Designing the carbon border mechanism

Designing the carbon border mechanism
03 April 2020

This week, Cembureau released its position paper on the EU carbon border mechanism (CBM), largely welcoming the prospect. Since one of the main risks with the EU ETS carbon market is that of carbon leakage, where companies transfer the production of certain products to countries outside of the EU, the CBM would be designed to counteract this by placing a carbon price on imports of those goods from outside Europe.

The completion of a feedback period on the roadmap of the CBM was reached on 1 April 2020, with Cembureau publishing its paper on 31 March. The European cement association arrived at the conclusion that a well-designed mechanism could create a level playing field between the European cement industry and those of other countries through the equal payment of carbon taxes. It may also lead countries external to the EU to further develop carbon reduction strategies and set up their own domestic carbon pricing schemes.

However, these benefits do rely on the ‘well-designed’ nature of the CBM. As such, Cembureau outlined five comprehensive principles for the design of the CBM.

1.    In an initial phase corresponding to Phase IV of the EU ETS (2021-30), the association notes that the CBM should be complementary to the free allowances received by the European industry. It argues that the introduction of the mechanism alongside an immediate loss of free allowances would create considerable uncertainty and risks.
2.    The association also states the CBM should be based on verified emissions, which could be achieved by an EU-certified body determining the CO2 content of imported products. If the producer fails to supply the documents, the value could be based on the corrected average CO2 emission from the exporting country. The CBM should include costs associated with indirect emissions, such as those created through the transport of the product.
3.    The CBM should use a transparent methodology and be compatible with the World Trade Organisation (WTO), which would prevent the sudden abandonment of the mechanism, states the association.
4.    While the cement sector may be a pilot project for the mechanism, Cembureau commented on the importance of involving as many different sectors as possible to stop the creation of distortions in the EU market.
5.    Finally, the CBM should include a CO2 charge exemption for EU exporters if the country receiving the product is not covered by a carbon pricing system, says Cembureau. This would resolve the issue of EU cement exports being at a competitive disadvantage as a result of rising CO2 costs.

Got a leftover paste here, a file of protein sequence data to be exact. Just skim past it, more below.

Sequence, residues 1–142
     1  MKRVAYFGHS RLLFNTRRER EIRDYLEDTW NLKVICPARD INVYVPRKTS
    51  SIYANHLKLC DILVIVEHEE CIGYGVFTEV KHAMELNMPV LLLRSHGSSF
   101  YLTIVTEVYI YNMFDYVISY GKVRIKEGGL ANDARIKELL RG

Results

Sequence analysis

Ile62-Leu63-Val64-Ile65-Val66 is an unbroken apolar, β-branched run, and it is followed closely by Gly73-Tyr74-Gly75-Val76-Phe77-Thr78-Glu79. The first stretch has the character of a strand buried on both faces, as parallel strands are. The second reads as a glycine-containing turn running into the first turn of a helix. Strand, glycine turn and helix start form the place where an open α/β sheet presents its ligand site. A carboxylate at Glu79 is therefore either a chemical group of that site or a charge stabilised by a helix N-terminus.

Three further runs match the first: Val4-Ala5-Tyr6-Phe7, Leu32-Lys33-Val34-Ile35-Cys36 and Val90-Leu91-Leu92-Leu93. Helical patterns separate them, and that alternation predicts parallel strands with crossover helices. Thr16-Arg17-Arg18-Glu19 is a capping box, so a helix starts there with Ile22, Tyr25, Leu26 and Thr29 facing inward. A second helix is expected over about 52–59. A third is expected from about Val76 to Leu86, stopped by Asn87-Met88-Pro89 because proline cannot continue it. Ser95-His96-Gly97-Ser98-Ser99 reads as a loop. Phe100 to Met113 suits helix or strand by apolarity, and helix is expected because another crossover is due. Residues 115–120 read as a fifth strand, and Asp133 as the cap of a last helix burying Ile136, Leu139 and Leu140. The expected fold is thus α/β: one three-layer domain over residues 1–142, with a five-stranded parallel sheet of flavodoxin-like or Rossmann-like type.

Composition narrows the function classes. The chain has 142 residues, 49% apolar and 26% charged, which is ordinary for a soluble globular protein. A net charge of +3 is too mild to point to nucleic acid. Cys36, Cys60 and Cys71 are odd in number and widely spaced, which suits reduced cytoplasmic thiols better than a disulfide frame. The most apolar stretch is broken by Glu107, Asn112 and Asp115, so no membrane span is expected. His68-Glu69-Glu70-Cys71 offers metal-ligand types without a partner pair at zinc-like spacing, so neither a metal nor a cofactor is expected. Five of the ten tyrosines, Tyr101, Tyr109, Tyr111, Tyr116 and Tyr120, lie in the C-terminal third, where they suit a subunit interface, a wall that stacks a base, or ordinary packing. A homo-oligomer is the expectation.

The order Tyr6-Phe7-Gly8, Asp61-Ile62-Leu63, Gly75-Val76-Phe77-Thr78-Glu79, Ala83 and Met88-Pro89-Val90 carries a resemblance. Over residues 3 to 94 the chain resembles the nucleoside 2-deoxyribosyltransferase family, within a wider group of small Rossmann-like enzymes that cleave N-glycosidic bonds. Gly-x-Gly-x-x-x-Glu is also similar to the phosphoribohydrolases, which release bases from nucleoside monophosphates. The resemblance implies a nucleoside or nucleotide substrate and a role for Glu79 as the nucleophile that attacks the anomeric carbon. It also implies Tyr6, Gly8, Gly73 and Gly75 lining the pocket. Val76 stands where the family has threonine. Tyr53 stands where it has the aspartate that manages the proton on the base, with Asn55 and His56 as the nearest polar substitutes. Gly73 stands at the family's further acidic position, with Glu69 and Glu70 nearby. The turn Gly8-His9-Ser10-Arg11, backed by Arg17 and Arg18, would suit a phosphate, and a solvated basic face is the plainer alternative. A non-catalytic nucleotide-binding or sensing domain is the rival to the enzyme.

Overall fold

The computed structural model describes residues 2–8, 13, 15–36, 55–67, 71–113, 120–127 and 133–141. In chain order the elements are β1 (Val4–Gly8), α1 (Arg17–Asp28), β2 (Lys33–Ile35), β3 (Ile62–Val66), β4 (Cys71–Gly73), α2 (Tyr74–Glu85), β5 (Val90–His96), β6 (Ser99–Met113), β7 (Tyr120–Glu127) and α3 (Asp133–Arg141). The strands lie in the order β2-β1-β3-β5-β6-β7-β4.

"Carbon border mechanisms are complex tools by nature and so it is essential to get their design right. A poorly-designed mechanism could indeed have significant consequences for our industry. Cembureau looks forward to continue working with the European Union on this," said Koen Coppenholle, CEO of Cembureau.

The development of the CBM will be a long process, with its ultimate adoption not planned until the second quarter of 2021. Since it will have an impact for the European cement industry going forward, it is essential that the details are worked out in full. However, it is important to note that these are the first steps in negotiating these details and before the CBM is rolled out in full, the cement industry will have to compromise on certain factors.

Carbon price market
Elsewhere, carbon prices in the EU ETS have fallen as measures to slow the spread of the coronavirus both reduced industrial activity and carbon emissions. While carbon prices had been trading at almost EUR30/t last summer, they declined to EUR15.05/t on 11 March 2020. This is the lowest price since June 2018.

Impact of COVID-19 on EU carbon prices (YtD 2020). Source: Sandbag

New forecasts suggest that industrial emissions will fall between 10-20Mt in 2020, according to Energy Aspects. However, the longer-term fundamentals of the scheme are still expected to remain in place.

"Carbon emissions in 2020 will drop as a result of national responses, while the longer-term fundamentals of the energy transition remain in place," said Wood Mackenzie in a Reuters report.

With rapidly fluctuating carbon prices and developing border mechanisms, the cement industry still has a lot at stake with the developing EU ETS carbon market.

Published under Cement News

Tagged Under: Europe EU ETS